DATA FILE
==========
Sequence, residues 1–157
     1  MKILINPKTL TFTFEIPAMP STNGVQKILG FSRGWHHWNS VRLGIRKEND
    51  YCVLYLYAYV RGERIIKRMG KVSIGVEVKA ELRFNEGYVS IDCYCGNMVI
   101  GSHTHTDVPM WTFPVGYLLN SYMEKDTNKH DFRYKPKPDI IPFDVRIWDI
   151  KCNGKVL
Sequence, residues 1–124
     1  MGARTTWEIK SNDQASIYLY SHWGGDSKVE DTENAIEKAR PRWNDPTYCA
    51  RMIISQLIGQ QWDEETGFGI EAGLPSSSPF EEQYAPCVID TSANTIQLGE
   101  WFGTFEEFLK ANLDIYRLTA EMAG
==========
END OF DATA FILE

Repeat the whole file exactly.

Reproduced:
Sequence, residues 1–157
     1  MKILINPKTL TFTFEIPAMP STNGVQKILG FSRGWHHWNS VRLGIRKEND
    51  YCVLYLYAYV RGERIIKRMG KVSIGVEVKA ELRFNEGYVS IDCYCGNMVI
   101  GSHTHTDVPM WTFPVGYLLN SYMEKDTNKH DFRYKPKPDI IPFDVRIWDI
   151  KCNGKVL
Sequence, residues 1–124
     1  MGARTTWEIK SNDQASIYLY SHWGGDSKVE DTENAIEKAR PRWNDPTYCA
    51  RMIISQLIGQ QWDEETGFGI EAGLPSSSPF EEQYAPCVID TSANTIQLGE
   101  WFGTFEEFLK ANLDIYRLTA EMAG